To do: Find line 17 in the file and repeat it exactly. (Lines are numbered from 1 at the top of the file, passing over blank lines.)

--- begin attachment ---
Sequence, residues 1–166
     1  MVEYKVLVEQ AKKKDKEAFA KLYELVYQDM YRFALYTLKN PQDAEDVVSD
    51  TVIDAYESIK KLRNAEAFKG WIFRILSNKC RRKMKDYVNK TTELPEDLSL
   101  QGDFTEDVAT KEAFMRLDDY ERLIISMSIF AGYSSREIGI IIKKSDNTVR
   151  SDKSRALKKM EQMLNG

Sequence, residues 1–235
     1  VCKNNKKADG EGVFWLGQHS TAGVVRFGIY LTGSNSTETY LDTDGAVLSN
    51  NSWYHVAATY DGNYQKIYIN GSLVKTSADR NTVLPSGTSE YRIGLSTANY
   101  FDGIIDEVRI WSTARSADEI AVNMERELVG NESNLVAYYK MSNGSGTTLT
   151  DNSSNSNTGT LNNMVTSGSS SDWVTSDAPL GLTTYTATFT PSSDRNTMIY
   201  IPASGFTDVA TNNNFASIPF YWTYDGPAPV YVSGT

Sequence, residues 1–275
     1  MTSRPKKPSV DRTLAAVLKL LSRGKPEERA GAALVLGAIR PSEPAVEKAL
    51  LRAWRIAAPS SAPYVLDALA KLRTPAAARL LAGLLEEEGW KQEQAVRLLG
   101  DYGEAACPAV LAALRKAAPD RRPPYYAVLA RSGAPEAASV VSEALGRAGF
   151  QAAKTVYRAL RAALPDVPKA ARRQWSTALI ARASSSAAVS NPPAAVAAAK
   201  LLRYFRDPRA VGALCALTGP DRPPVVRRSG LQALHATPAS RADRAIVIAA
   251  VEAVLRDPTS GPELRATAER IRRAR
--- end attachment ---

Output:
   201  LLRYFRDPRA VGALCALTGP DRPPVVRRSG LQALHATPAS RADRAIVIAA